Reducing infant mortality rates at the heart of new grant

By Steven Bartolotta

Amy web

It was the summer of 1994, Amy Raines-Milenkov, DrPh, was a student at the University of Texas starting her year-long internship in social work and the AIDS epidemic was rampant across the nation. Over that next year, she worked with minority women and children with HIV, but there weren’t many happy endings.

“A lot of those women died, and a lot of the babies died, too,” she said. “As a young person, that was difficult.”

It was there her passion for social work, infants and mothers was born. Twenty-five years later as a professor at the Texas College of Osteopathic Medicine, it has been her hard work and dedication that has led to the largest federally funded program to help reduce infant mortality rates in children in minority communities.

The program, which was funded through TCOM’s Department of Pediatrics and Women’s Health, is a five-year $5.5 million grant from the U.S. Department of Health and Human Services. The “Healthy Start Eliminating Racial and Ethnic Disparities in Perinatal Health” will allow for more direct services and resources to get directly to community members.

The program is a continuation grant from 2014, due in large part to the successful work that Dr. Raines-Milenkov and her team have done over the past five years

“It’s unique for this type of program to be at a university because most of these programs are not,” Dr. Raines-Milenkov said. “But because UNT Health Science Center has a strong community presence and strong relationships within the community, it was a great fit.”

The program is a multi-faceted approach, concentrating on the disparity of infant mortality rates in the minority community and women’s health. In the African-American community, the mortality rate is three times higher than that of Caucasian infants. September was Infant Mortality Awareness Month, and by raising awareness and bringing necessary resources into the communities that need it the most, the program aims to reduce that number.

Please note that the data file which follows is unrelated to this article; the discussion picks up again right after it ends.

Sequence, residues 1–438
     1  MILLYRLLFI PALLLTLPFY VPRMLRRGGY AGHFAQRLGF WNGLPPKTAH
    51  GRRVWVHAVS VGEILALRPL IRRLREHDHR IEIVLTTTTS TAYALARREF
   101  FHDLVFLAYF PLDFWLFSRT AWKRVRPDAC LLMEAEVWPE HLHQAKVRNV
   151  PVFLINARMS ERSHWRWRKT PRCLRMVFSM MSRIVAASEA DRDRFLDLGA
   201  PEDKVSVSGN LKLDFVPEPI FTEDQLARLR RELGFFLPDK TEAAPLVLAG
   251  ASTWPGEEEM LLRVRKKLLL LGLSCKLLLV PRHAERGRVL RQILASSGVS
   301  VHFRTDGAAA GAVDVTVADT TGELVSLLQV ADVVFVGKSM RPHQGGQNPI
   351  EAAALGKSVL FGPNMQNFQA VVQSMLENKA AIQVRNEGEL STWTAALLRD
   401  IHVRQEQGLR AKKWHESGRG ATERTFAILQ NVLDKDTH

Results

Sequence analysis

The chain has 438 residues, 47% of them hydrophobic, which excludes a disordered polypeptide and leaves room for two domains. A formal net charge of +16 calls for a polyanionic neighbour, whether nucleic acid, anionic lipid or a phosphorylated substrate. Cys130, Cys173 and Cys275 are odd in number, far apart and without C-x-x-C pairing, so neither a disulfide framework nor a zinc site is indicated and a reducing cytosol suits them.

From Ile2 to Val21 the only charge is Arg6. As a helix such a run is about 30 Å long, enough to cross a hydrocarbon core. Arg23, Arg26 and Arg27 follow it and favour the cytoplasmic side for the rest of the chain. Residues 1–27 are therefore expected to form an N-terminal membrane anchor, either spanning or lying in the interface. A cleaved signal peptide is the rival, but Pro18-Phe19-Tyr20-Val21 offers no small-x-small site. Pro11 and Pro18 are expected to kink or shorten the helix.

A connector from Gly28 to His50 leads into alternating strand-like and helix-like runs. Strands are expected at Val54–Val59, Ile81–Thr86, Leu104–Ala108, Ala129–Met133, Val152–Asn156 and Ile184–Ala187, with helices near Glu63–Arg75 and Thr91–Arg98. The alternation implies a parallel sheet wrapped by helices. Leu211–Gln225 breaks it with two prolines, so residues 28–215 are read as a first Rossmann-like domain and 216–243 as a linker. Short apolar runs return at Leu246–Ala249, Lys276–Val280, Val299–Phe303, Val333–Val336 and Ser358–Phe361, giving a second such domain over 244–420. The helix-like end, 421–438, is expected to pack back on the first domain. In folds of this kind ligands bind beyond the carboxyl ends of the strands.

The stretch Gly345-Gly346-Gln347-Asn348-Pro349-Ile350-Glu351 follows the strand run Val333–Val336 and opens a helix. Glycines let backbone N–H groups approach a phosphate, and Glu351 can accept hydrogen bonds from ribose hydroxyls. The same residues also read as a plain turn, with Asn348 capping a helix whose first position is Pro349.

The continuation grant will also allow UNT Health Science Center to add a wellness component for women, including counseling, exercise, nutrition and clinical services.

“The women that we serve are really struggling with stress that few people can understand,” Dr. Raines-Milenkov said. “A lot of the women we serve are isolated and in poverty and they have not had access to adequate resources. One of the biggest outcome we want to see is to increase the overall well-being of the women we are serving.”

The grant received an added component recently as $130,000 was added for clinical work in the program. With 11 members of the team working on the program, they are set to see over 100 women a month.

“We hear all the time from people who are getting safe housing, or a stable job, or a medical concern cleared up,” she said. “So when you see the success from the counseling or the intervention and resources that we provided them, it is really satisfying.”

Dr. Raines-Milenkov isn’t one to sit back and wait. This grant is the beginning of what she hopes will be something bigger.

“My dream is that we have a women’s maternal health center where we focus not just on the individual but the system level,” she said. “I want to see more of a concerted effort to help these issues address disparities in maternal and women’s health, and this program can help us get there.”

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